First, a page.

The students took to the internet, searching for news stories and articles that would give them the information they needed. Students also wrote down questions that came up as they read further about the current event. Moving around the room of engaged students, the teacher realized that what had started as a ‘mini-inquiry’ (Daniels, H. & Harvey, S. (2009).Comprehension and Collaboration: Inquiry Circles in Action, Portsmouth, NH: Heinemann.) could easily be turned into a whole-group mini reading lesson.
Following the scope and sequence of the reading curriculum, students had been learning the comprehension strategy of comparing. Learning this particular strategy allowed students to meet the Minnesota ELA Reading Benchmark: “Compare and contrast texts in different forms ... in terms of their approaches to similar themes and topics.” Over a break, the teacher designed a learning experience for the students that would allow them to apply the comprehension strategy of comparing, while still motivating them with their interest in the missing plane.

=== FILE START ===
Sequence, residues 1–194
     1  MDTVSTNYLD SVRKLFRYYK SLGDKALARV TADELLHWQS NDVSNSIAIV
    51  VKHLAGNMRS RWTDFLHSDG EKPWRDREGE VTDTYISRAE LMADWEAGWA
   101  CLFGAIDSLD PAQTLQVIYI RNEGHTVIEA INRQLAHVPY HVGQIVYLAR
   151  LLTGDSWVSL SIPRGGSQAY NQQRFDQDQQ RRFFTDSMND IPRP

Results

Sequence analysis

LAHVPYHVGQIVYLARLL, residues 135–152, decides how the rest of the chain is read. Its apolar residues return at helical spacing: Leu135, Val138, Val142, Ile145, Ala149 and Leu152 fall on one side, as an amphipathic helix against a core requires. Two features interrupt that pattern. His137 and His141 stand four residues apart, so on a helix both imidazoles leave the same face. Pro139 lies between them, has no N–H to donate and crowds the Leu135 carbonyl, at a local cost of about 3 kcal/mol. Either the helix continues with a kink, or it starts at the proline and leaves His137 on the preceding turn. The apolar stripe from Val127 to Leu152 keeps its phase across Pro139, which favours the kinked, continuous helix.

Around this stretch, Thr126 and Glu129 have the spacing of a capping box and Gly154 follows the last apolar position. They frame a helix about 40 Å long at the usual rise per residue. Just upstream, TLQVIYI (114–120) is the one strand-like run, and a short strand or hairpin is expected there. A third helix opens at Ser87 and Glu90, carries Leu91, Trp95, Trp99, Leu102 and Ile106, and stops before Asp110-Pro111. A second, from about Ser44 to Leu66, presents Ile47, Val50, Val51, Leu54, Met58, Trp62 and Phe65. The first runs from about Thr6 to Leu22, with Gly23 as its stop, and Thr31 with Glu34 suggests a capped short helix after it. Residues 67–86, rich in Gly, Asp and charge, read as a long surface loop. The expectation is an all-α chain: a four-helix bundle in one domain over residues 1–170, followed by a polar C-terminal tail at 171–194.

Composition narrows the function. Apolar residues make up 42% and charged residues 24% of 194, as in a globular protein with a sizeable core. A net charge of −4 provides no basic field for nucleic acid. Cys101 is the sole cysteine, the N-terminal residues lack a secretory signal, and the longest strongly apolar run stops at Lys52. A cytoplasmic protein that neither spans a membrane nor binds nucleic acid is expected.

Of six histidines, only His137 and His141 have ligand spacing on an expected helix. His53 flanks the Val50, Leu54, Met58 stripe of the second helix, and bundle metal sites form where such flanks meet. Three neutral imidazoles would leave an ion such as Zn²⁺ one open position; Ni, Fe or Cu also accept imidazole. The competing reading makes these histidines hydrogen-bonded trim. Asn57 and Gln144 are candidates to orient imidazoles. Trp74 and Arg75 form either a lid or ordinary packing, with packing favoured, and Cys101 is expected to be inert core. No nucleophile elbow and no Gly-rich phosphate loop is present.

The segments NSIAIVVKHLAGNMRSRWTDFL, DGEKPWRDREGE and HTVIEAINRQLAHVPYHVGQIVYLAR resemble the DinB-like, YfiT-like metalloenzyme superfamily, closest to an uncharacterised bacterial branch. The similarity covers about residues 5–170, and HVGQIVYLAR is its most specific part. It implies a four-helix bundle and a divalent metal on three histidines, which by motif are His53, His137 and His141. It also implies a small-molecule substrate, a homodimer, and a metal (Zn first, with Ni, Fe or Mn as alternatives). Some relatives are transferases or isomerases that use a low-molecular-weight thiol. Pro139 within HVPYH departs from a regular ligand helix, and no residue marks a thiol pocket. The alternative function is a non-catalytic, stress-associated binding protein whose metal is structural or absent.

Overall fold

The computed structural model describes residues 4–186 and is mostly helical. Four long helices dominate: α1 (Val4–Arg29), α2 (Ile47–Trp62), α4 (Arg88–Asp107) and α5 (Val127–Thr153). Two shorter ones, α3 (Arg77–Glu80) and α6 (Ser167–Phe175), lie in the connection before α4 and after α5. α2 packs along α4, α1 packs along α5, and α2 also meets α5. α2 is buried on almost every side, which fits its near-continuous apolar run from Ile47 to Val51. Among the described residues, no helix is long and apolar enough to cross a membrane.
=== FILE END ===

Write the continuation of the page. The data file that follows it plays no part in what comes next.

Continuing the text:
To support the students’ learning, the teacher identified three different articles about the missing plane: one from CNN, one from Al Jazeera, and one from Fox News. (NOTE: the texts were complex, but the students were capable of reading and understanding the articles selected with appropriate support. To find a general reading level of texts online try these resources: http://read-able.com or https://readability-score.com). The students were to compare the texts, noting important similarities and differences. Through the structure of this purposeful inquiry, the students were able to extract meaning from the texts they read and come to the conceptual understanding that news articles are written from the unique perspective of the journalist (and the journalist’s organization) and it is the responsibility of readers to synthesize what they read and make judgements for themselves.
After reading about teaching comprehension strategies to students using engaging, relevant, challenging, and significant texts, what is:
- An instructional practice you’ll continue to use because of the story.
- An instructional practice you currently use that you’ll reexamine in light of the story.
- An instructional practice you don’t currently use, but will try because of what you read in the story.